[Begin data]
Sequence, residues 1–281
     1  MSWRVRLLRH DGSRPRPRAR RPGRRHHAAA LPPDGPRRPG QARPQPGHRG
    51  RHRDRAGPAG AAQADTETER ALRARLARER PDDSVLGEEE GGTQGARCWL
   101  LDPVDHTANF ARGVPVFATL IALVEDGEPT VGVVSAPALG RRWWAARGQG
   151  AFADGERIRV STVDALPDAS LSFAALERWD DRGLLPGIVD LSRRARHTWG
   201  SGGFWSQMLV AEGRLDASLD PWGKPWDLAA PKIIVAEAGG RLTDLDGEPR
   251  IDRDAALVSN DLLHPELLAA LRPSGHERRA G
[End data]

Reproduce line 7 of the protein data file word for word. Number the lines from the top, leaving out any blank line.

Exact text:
   251  IDRDAALVSN DLLHPELLAA LRPSGHERRA G